Stuff I’ve Learned About Running A Business — Lessons for Fellow and Aspiring Cubical Escapees

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This is the first issue of my newsletter, Stuff I’ve Learned about Running a Business. You can view a list of all published issues here.

It’s been 2.5 years since I went into business for myself.

2.5 years since my company was acquired and the new company said, “Thanks, but no thanks” to almost everyone who worked there.

2.5 years since I learned the hard way that even if you have meaningful equity, even if you’re really good at what you do, even if you worked really hard and contributed significantly to that company’s success, a startup’s obligations are not to you. They never were. A startup’s primary obligation is to ensure ROI for its investors, followed by a payout to its founders, followed, maybe, depending on your tax situation and if there’s anything left (there often isn’t, by this point) by a much, much smaller payout to everyone else.

I also learned that I didn’t want to be someone else’s employee anymore, and I would do whatever it took to make sure I didn’t have to.

If you, too, harbor dreams of escaping the corporate cubicle (or the startup open office) and starting your own business, here’s the most important thing I’ve learned: you have to want it more than you want to spend the foreseeable future feeling safe, secure and comfortable.

That’s what a job is. It’s a steady paycheck, whether you’ve had a productive week or been out with the flu (assuming you have paid sick leave, which is admittedly a big assumption). It’s work you already know how to do. It’s showing up and knowing what you need to get done each day.

When you start a business, all that goes out the window.

The Money Isn’t the Hardest Part

I found myself in a lot of challenging situations my first year, including but not limited to earning a lot less money, paying out the nose for crappy health insurance (I still have to do that, unfortunately), taking on clients that were a bad fit, and doing work that I didn’t enjoy.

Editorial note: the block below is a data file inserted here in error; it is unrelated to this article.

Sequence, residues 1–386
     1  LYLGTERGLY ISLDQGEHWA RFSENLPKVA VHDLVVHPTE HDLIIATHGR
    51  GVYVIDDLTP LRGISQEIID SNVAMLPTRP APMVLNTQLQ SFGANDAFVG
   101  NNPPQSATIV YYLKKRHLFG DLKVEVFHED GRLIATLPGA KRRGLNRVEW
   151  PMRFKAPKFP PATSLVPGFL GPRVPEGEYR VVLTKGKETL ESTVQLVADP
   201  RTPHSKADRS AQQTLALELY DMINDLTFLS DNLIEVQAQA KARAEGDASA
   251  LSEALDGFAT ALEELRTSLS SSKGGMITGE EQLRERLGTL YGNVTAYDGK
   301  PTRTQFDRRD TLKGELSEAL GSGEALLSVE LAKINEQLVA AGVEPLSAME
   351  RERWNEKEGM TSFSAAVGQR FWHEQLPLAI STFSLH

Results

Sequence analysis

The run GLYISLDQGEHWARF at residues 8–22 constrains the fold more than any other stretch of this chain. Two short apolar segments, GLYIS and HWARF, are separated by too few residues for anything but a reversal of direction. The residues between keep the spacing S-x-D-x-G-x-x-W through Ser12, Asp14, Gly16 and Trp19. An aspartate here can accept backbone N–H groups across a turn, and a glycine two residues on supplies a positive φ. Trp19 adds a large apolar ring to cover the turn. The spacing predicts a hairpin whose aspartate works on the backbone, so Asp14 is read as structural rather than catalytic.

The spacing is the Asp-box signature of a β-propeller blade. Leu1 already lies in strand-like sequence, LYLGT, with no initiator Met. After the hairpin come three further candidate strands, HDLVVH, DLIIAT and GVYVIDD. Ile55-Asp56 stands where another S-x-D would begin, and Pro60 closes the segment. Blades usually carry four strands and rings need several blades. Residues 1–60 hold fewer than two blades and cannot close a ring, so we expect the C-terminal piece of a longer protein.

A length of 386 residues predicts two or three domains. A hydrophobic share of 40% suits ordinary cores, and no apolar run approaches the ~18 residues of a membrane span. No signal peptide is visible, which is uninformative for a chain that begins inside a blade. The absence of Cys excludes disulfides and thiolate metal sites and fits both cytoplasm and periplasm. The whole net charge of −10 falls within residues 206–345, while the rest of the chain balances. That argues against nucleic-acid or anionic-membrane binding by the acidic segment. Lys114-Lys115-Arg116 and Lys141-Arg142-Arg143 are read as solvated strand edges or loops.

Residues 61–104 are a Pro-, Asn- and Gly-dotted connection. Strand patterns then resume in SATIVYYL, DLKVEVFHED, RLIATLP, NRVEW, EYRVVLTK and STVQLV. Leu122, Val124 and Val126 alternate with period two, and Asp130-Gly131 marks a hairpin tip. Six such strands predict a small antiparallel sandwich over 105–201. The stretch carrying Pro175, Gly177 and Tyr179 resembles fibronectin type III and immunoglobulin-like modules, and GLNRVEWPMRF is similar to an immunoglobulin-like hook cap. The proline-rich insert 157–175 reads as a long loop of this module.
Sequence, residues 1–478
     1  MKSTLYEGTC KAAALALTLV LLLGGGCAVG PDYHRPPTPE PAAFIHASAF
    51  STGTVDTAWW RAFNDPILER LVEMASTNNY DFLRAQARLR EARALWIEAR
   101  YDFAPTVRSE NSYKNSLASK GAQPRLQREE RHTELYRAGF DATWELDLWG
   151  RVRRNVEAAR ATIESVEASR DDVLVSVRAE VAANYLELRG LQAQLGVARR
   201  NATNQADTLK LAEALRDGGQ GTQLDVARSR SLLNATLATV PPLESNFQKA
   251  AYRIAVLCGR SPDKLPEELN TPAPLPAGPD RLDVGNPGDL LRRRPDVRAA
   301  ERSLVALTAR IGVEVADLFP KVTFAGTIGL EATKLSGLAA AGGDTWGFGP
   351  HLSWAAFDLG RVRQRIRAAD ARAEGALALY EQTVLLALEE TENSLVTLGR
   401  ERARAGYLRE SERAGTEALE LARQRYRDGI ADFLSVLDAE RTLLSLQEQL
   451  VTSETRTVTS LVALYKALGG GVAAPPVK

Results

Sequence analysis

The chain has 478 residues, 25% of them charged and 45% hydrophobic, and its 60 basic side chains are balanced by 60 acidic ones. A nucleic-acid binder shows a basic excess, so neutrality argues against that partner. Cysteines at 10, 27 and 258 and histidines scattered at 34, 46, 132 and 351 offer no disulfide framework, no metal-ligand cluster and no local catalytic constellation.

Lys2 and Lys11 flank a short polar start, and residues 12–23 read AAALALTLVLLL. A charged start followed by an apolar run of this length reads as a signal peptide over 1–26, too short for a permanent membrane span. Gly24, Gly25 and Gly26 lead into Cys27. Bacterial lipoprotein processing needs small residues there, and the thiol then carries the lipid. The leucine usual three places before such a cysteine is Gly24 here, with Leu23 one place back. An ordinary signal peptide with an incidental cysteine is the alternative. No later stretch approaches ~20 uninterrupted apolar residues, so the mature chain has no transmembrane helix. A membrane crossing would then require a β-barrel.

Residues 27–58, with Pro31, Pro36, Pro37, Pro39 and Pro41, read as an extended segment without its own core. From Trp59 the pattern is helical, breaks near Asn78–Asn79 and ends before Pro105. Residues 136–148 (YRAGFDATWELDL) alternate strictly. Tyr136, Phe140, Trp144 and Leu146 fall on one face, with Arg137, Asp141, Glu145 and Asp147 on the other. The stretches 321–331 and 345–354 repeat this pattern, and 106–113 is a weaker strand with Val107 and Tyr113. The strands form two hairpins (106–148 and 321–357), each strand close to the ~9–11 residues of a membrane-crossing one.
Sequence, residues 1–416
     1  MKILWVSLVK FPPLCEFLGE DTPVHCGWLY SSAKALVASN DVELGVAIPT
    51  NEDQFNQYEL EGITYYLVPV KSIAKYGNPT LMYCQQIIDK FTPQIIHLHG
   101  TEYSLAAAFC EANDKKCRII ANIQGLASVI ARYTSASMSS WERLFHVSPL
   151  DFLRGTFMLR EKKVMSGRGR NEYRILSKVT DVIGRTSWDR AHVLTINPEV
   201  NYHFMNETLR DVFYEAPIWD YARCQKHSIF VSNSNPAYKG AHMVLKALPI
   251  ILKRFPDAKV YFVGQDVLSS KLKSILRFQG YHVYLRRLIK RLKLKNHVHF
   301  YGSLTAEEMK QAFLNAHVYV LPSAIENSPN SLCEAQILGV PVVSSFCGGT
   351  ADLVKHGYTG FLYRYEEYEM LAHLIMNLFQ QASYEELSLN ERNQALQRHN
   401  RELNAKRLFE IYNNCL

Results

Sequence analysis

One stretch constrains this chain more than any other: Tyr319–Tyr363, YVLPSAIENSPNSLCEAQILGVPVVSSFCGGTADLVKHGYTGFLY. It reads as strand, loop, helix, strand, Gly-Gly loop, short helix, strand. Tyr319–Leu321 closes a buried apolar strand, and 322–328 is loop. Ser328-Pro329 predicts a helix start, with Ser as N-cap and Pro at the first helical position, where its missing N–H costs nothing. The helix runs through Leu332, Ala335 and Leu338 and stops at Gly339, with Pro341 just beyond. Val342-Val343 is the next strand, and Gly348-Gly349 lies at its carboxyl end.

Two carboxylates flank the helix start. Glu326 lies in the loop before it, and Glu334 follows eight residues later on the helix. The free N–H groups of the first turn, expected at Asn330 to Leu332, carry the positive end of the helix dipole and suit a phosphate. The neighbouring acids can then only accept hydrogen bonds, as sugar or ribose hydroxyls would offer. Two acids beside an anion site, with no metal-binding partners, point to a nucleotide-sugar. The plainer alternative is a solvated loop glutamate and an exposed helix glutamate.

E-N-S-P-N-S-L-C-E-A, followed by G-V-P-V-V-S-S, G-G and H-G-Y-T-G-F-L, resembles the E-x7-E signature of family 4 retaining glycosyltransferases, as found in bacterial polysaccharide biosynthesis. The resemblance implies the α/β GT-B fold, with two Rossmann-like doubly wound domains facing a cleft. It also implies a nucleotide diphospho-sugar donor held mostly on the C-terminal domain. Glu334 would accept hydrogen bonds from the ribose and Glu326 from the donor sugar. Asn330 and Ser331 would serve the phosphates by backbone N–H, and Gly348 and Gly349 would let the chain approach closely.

The hardest part wasn’t the money itself. It was the constant feeling of not knowing what I was doing, not being able to predict my earnings, and all the fear and anxiety I had around those two specific things.

You have to want it more than you want to spend the foreseeable future feeling safe, secure and comfortable.

Until I started a business, I didn’t realize how much of my identity was invested in being a highly competent, high-earning, fancy-job-titled individual who pretty much had her shit together and knew what she was doing.

Overnight, I didn’t feel like that person anymore. I felt lost and terrified and confused and totally, hopelessly messy for a very long time. It sucked, and it was an absolutely necessary step on the path toward figuring what my business would be and who I would become within it.

Side note: If this is you right now, know that it does get better. The mess is uncomfortable, but it’s actually really important. You can’t have the “Eureka!” moment without a whole lot of mess first.

It’s not for Everyone (and That’s OK!)

Real talk: this shit is hard. It’s definitely not for everyone. And that’s OK! That’s the first thing I tell anyone who asks me about starting a business.

Some people thrive inside organizations. Others don’t have the stomach for the massive day-to-day uncertainty of being on their own or the desire to manage every aspect of a business. Financial considerations aside, not everyone has the temperament to make it work.

I didn’t realize how much of my identity was invested in being a highly competent, high-earning, fancy-job-titled individual who pretty much had her shit together and knew what she was doing.

But if you think you are cut out for running a business, if you want it so badly you can almost taste it, if you’re sure you were meant to be your own boss, I encourage you to ask yourself: do you want it more than you want to spend the foreseeable future feeling safe, secure and comfortable? If the answer is yes, why do you want it so badly?

Is the freedom and flexibility of self-employment worth the days when you stare at your computer and aren’t sure what to do? Is it worth hustling for new clients and not knowing what you’ll earn month-to-month? Is it worth a sky-high insurance premium that covers next to nothing (at least in the US)? Is it worth the risk that you may have to take whatever work you can get?

That’s the trade-off you’re facing. For me, it was worth it. SO worth it. It might be worth it for you, too, or it might not.

Real talk: this shit is hard. It’s definitely not for everyone. And that’s OK!

But I’ll tell you honestly, if you can’t answer, “Yes, it’s worth it!” to each of those questions, it will be very hard to keep going when things get tough (and they will). How they get tough will depend on your situation, but they will, at some point, get very, very tough. A key client will drop you. You’ll go weeks without earning anything. You’ll take on more than you can handle. You’ll burn yourself out and yearn for the predictability of a steady paycheck.

We all have rough patches. Remembering how much you want this life, and why you’ve chosen it, is the only way through.

Oh, and no matter what, be kind to yourself. This path is hard, and you’re incredibly brave for choosing it.

I write about radically ethical marketing, self-employment and non-sleazy self-promotion. Learn more at https://empoweredfreelancer.com/

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